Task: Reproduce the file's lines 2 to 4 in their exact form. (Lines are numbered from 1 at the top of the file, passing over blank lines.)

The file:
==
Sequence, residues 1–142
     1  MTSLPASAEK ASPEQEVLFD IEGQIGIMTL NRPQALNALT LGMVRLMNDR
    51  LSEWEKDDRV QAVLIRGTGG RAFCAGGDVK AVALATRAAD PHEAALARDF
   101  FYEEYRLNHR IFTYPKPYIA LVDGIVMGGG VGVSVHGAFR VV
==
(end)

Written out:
     1  MTSLPASAEK ASPEQEVLFD IEGQIGIMTL NRPQALNALT LGMVRLMNDR
    51  LSEWEKDDRV QAVLIRGTGG RAFCAGGDVK AVALATRAAD PHEAALARDF
   101  FYEEYRLNHR IFTYPKPYIA LVDGIVMGGG VGVSVHGAFR VV